- The Washington Times - Tuesday, June 20, 2000

His legacy

New Yorkers have named a new suspect in the Central Park "wilding" attacks on women: President Clinton.

Forty-two percent of those responding to a Web survey by talk-radio station WABC say that Mr. Clinton's "poor example to youth" is to blame for the sexual assaults on women that followed the June 11 Puerto Rico Day parade.

NewsMax.com says the poll results show "the extent to which the president's image as America's most prominent sexual predator has permeated the national consciousness."

Gore's worst nightmare

A 40-year-old "soccer mom" is Vice President Al Gore's "worst nightmare," writes Deborah Orin in the New York Post.

Barbara Comstock is head of the Republican National Committee's opposition-research team. A lawyer and former aide to Rep. Frank R. Wolf, Virginia Republican, Mrs. Comstock's "expertise is plowing through dense documents" to unearth unflattering facts about Democrats.

"It was her team that plowed through a big stack of publicly released FBI files from the [1996 Clinton-Gore campaign-finance investigation] and found Gore's 'iced-tea defense,' " Miss Orin writes, referring to the vice president's claim that he had to take a bathroom break during a key discussion about fund raising.

Compared to Mr. Gore's researchers led by David Ginsburg, 25 the Republican "oppo" crew is older and more experienced, Miss Orin reports. More than half of the Republican researchers have law degrees or master's degrees.

Only way she knows

First lady Hillary Rodham Clinton's early barrage of negative TV ads in her Senate race against New York Rep. Rick Lazio is about her, not him, says Bill Bennett.

"I think what's really behind this is her huge negatives," the former Education Department secretary said Sunday on ABC. "She's got very big negatives in New York and [there are] very little negatives for Lazio. They're trying to put negatives in his column. It doesn't look like his negatives will approach hers."

For her part, Mrs. Clinton explained her attack ads by telling Newsday, "It's the only way I know to run a campaign."

Pro-life of the party?

Wisconsin Gov. Tommy G. Thompson says he's not sure that the Republican Party can avoid a fight over the abortion issue when the party convenes July 31 in Philadelphia.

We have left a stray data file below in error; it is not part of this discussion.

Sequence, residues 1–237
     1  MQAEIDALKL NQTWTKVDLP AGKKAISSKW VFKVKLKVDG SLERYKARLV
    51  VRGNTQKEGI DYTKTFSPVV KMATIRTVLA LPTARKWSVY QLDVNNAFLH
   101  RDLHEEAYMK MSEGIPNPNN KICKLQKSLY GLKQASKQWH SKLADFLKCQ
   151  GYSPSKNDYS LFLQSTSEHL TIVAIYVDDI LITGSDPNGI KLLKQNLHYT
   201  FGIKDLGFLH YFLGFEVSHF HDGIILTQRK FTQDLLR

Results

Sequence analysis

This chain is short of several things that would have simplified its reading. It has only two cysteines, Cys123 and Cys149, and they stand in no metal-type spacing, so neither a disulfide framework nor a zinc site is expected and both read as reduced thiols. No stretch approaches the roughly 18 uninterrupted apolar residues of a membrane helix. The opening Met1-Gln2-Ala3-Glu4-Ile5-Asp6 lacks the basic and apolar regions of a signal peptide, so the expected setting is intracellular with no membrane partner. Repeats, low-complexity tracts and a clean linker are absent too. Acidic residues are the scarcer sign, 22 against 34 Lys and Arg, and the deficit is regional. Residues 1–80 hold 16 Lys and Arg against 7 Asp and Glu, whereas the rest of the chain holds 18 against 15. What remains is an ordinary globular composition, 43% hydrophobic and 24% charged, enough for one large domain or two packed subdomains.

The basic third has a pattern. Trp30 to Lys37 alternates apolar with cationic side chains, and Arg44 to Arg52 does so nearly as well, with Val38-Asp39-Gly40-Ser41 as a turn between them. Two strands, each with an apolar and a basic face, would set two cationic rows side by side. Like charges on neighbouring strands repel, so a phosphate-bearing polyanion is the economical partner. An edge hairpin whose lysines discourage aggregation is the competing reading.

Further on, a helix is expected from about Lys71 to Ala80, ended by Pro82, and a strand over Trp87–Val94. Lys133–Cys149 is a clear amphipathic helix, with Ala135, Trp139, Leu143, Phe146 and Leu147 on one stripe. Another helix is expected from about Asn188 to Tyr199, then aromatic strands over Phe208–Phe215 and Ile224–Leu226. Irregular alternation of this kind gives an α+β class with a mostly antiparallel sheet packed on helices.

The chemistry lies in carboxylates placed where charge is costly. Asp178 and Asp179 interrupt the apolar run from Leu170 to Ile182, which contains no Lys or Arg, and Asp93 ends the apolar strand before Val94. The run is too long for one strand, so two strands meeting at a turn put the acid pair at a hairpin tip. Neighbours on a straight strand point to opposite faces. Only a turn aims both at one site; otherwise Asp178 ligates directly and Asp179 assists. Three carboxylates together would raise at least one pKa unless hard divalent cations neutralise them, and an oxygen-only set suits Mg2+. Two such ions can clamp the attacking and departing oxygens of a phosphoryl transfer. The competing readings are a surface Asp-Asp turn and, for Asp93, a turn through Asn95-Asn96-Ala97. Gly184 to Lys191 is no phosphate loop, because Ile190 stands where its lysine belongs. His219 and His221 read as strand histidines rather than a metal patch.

At a meeting in Dayton, Ohio, yesterday, Mr. Thompson chairman of the Republican platform committee said he hopes for a "fresh" platform that will "broaden the base" of the party, the Associated Press reports.

And he wants to avoid a convention fight over the issue.

"We're hoping to mitigate any strong opposition," Mr. Thompson said. "It's just not going to be that the abortion issue is going to define the Republican Party."

Saying he doubts the strong pro-life plank of the Republican platform will be changed, Mr. Thompson said he could not guarantee a repeat of the 1996 convention fight by pro-choice party members to change the party's stance on abortion. "I'm not willing to make that statement at this point."

Outside the platform hearings, abortion opponents demonstrated with signs reading: "Keep the Party Pro-Life."

'Pure paranoia'

Former Clinton campaign adviser Dick Morris says that Rep. Rick A. Lazio, New York Republican, has to take a strong pro-choice pledge if he wants to win the Senate race against Mr. Morris' ex-boss's wife, first lady Hillary Rodham Clinton.

"It is not enough for Lazio to hide behind the bland formulation that he is 'pro-choice,' " Mr. Morris wrote yesterday in the New York Post.

Mr. Morris says Mr. Lazio must pledge to vote against any Supreme Court nominee who does not support the 1973 Roe vs. Wade decision.